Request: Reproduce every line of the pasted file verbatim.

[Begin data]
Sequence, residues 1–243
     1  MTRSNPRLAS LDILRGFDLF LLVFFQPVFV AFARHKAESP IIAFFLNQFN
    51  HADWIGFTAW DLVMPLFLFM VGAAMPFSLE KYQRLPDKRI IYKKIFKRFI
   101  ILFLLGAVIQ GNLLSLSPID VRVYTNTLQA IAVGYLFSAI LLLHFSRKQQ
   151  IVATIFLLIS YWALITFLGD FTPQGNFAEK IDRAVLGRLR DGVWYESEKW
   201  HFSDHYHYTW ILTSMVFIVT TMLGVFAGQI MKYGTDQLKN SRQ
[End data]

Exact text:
Sequence, residues 1–243
     1  MTRSNPRLAS LDILRGFDLF LLVFFQPVFV AFARHKAESP IIAFFLNQFN
    51  HADWIGFTAW DLVMPLFLFM VGAAMPFSLE KYQRLPDKRI IYKKIFKRFI
   101  ILFLLGAVIQ GNLLSLSPID VRVYTNTLQA IAVGYLFSAI LLLHFSRKQQ
   151  IVATIFLLIS YWALITFLGD FTPQGNFAEK IDRAVLGRLR DGVWYESEKW
   201  HFSDHYHYTW ILTSMVFIVT TMLGVFAGQI MKYGTDQLKN SRQ